In July 2015, the first genetically engineered (or genetically modified, otherwise known as “GMO”) potatoes arrived on store shelves in the form of a specific type of white russets.
Now nearly two years later, most consumers still remain blissfully unaware that the potatoes even exist, and to make matters more complicated, three new types of GMO potatoes are on the way.
As has been the case for the entire GMO era in the United States, no labeling will be required for the controversial new potatoes, which were approved by J.R. Simplot despite a projected $1.6 billion disruption to the U.S. potato export market due to expected rejections from other countries.
But they’re almost certainly coming to fall shelves this fall whether we like it or not, and there are more than a few things you must know if you want to avoid them.
Three Types of New GMOs Set to Hit Store Shelves
While they have been declared “safe” by the U.S. EPA and FDA, critics say the new GMO potato varieties, which will be grown mostly in Idaho and Wisconsin, have not undergone the type of long-term independent safety or environmental testing befitting of an entirely new type of organism.
The new GMO potatoes have been genetically engineered to resist the pathogen that caused the Irish potato famine, and likely will be planted this spring before being sold in the fall. The potatoes are part of the “Innate” line from J.R. Simplot.
These potatoes are said to have less bruising, less of a carcinogenic chemical that is given off when cooking, fewer black spots and enhanced cold storage. They were also engineered to use fewer fungicides, according to the developers.
While GMO-producing corporations continue to make similar promises about their creations, a recent October 2016 report from The New York Times titled ‘Broken Promises of Genetically Modified Crops’ found that the crops have not lived up to promises of greater yields or less agricultural chemical use.
Meanwhile, skeptics of the new GMO potato wonder what exactly was wrong with the regular version, and whether the new varieties have been adequately tested for allergens and other issues, because of the cumulative effects of long-term eating of a food that is one of the world’s four staple food crops.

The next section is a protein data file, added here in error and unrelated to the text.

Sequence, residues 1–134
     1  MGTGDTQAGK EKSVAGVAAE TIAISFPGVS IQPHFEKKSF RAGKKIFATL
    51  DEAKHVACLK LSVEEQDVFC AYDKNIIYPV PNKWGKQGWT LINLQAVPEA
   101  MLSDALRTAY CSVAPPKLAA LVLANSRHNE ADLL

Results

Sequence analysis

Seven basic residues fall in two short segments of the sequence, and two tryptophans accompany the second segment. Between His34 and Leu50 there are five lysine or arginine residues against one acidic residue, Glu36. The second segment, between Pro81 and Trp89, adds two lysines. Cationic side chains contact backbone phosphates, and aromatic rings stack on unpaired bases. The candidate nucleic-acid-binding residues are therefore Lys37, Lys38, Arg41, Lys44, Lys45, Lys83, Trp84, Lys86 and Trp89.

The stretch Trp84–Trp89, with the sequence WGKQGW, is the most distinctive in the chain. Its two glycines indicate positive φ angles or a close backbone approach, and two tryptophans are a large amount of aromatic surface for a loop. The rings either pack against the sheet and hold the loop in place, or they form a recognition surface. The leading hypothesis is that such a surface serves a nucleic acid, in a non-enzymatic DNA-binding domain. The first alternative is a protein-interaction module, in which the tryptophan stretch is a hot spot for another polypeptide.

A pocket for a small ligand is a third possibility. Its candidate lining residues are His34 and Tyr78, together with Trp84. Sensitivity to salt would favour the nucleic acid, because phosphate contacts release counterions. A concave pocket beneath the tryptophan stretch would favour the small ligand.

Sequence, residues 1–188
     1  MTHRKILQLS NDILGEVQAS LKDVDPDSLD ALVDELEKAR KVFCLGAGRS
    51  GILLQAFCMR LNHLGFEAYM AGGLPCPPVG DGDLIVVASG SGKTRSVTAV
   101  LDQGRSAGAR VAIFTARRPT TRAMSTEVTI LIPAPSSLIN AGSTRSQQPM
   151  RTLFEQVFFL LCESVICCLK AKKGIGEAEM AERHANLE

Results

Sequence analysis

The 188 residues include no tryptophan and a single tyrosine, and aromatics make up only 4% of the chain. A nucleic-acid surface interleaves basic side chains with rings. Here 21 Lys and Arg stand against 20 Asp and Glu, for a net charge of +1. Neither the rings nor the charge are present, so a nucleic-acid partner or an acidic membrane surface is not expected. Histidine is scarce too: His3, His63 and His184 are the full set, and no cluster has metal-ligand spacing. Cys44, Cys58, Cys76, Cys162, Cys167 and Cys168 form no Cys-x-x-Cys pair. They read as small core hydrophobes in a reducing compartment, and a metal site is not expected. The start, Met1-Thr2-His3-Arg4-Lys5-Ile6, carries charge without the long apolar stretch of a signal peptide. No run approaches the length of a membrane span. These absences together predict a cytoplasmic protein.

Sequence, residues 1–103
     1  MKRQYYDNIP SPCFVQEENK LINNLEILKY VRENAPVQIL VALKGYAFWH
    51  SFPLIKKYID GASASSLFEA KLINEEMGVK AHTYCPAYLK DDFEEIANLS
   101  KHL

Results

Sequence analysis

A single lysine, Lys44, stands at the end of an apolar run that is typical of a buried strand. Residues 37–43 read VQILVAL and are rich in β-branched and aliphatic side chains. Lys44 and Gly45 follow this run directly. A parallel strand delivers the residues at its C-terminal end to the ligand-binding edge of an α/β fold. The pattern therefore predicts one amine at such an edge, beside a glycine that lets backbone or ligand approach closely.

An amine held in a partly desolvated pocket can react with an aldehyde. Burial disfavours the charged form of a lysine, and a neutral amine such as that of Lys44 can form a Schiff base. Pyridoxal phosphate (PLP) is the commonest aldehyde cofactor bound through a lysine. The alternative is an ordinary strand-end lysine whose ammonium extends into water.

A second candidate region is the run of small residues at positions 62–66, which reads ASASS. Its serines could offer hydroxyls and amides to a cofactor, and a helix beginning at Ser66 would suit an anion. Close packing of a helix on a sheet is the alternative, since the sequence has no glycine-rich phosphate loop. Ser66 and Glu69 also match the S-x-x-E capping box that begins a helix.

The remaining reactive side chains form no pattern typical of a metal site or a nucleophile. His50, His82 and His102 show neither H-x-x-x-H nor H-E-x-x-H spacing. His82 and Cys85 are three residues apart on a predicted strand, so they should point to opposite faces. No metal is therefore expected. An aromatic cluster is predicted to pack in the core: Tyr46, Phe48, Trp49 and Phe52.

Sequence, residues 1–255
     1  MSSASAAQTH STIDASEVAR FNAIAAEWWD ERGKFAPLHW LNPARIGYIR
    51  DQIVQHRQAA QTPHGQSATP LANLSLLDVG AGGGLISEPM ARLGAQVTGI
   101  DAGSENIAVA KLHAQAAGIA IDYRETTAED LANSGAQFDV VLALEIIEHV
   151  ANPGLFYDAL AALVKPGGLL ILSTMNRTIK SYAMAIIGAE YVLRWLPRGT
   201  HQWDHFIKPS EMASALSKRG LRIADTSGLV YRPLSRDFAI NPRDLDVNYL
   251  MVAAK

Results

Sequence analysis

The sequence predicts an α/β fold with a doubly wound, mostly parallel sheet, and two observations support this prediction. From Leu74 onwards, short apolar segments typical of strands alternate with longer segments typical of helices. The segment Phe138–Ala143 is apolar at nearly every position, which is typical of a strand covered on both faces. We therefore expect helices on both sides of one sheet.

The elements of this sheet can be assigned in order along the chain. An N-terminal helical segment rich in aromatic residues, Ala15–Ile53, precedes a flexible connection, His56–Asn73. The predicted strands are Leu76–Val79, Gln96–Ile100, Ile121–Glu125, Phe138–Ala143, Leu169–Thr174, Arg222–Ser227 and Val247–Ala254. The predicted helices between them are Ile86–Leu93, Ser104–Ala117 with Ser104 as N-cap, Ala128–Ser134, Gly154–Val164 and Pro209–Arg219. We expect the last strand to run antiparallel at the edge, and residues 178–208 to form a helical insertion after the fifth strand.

In the early days of the GMO experiment, Arpad Pustzai, a respected Scottish biologist, studied the original GM potato and found dramatic health risks showing that the potatoes damaged the gut, immune system, and other organs of lab animals; the study helped lead to the current climate of skepticism and bans on the cultivation of GM crops throughout Europe.
The new GMO potatoes are quite a bit different from the original ones Pustzai studied, however.
But they have been created using a new process called “gene editing,” one that allows the plants to avoid the type of regulation that traditional GMOs are subject to (standards critics say are already too lax), making them far less tested than the peer-reviewed independent process Pustzai went through originally in 1998.
How to Avoid the New GMO Potatoes
The new potatoes come in the three main varieties listed above: Ranger Russet, Atlantic, and Russet Burbank; White Russet may also be on store shelves currently.
Unfortunately for consumers, the new GMO potatoes could begin showing up in many places without warning: from grocery store shelves to cafes and restaurants, due to the fact that they will not be labeled.
The lack of mandatory labeling comes as a result of the Biotech and food industry spending tens of millions of dollars to prevent it, and also the recent national law that was crafted in order to subvert the state of Vermont’s democratically passed mandatory labeling law on GMOs.
For now, your best bet is to buy the above varieties of potatoes organic whenever possible, and to contact the Simplot company by phone or email, or on the Facebook page by clicking here, and telling them how you feel about the new potatoes. You can also look for the words “Innate” or Simplot on the bag, and choose to buy different varieties whenever possible.
At any rate, spending your organic dollars on potatoes is already one of your best bets anyway: they are one of the most heavily sprayed crops, and their soft skin soaks up pesticide residues far more than many other food crops.